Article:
Practice is ideal.
Counter-Strike: Global Offensive (CS:GO) is a game that requires lots of practice over a long period of time. That includes learning smokes, callouts, spray patterns, and more. A handful of web designers have dedicated their time to developing applications for the average CS:GO, player. One project even includes a guide to learn everything about designing skins as a rookie artist. Another allows players to copy crosshairs from professional CS:GO players, a great way to understand how a pro plays and detects headshots.
All of these products provide a variety of learning tools for both players and designers. It’s always important to study a game and try to understand it at a higher level.
SKINS AND NADES
A graphic designer known as Centauri spent the past year writing a book on the ins and outs of making skins. His project includes one hundred and thirty-five pages of in depth information with multiple sections. The first chapter is all about technical designing which includes textures, patterns, and wrapping software. It starts off with a dive into weapon pieces and how to properly wrap them with your design. A traditional paint by number system is clearly a superior choice when designing skins. It’s the traditional way to create a masterpiece without all the hard work when starting from scratch.
Chapter two is all about practical work which includes weapon grade, exterior quality, finish variations, and saturation. All key points to understand when finishing the final touches of a design. Using motion, for example, can help with the final result, anything from graphics on a magazine or the trigger of a weapon. Both exert motion putting a graphic front and centre allowing for a little bit of flair when inspecting or in use. Chapter three explains the importance of economics and socials behind a weapon and its release. The variation of phases and stat-track options come in play when a weapon is sold on the market. According to the steam workshop, most players prefer weapons with multiple paint finishes rather than a solid coat. All of this information is great for those wanting to design their own skins.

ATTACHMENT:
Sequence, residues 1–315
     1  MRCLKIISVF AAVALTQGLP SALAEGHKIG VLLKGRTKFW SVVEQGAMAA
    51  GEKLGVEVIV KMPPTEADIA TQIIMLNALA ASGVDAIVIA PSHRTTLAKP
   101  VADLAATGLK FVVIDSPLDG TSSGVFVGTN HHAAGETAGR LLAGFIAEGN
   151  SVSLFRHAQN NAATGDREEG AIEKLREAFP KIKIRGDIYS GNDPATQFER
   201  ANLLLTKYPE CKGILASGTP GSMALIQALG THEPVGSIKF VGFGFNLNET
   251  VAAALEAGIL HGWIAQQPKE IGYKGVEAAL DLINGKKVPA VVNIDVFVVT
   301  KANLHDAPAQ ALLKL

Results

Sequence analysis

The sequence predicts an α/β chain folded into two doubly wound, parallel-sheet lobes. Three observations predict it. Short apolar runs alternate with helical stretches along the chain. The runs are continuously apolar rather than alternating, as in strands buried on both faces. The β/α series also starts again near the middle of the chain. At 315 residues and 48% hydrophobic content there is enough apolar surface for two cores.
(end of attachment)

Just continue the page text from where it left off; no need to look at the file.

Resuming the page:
Next, is a website called CS:GO nades, an application with tactical information on every single map. This website provides info from the public on the best smokes and flashpoints. Some are basic ways to block off a site while other are more aggressive. Users have provided multiple smoke setups for the same results, allowing players to rotate and fake a smoke if necessary. Some of the flashes are even designed for holding down sites and spraying through a group of players. For example, bouncing a flash off the long sign can blind anyone near side pit on dust2.
For anyone that wants to practice the smokes themselves outside of competitive, CS:GO Nades offers multiple workshop maps within Steam. Simply load up the practice course and test out smoke spots with toss tracking, infinite utilities, and throw assist for landing. All of these features are necessary when tossing a smoke or flash for team advantage on any map. That’s not all; users are also able to create comments when a map has received an update. The perfect way to inform their fellow teammates or random players on the internet about new smoke spots.
CROSSHAIRS AND WEAPON STATS
If anyone needs help with finding the perfect crosshair, then look no further. DATHOST operates an around the clock website for editing and testing out new crosshairs. They also allow players to copy ones which are used by pro players in the scene of competitive CS:GO. Their best feature yet allows anyone to test their shot on a rolling screen, a form of finding the perfect crosshair that can land the best headshots and taps at any range. They also offer kill-feed and bind generators for those wanting to get really creative. DATHOST also keeps every article archived going all the way back to January of 2013. This way, players can look up anything which was written on crosshairs any time they want.
Last but not least is CS:GO Stats, a website which provides info on every single weapon in the game. From galleries and stats to skin guides, this website is perfect for anyone trying to figure out the best weapon of choice for themselves. Rank data has also made its way into CS:GO Stats allowing players to understand the cycles of elo throughout each match they play. This website has been active for a long time now and is still extremely popular.
CS:GO is a great game, but it’s definitely hard to get used to. While the game itself doesn’t change too often, players are constantly developing their skills outside of competitive. All of these projects are ideal for those just getting in CS:GO or looking to become better and enjoy playing like a pro.
Images via Valve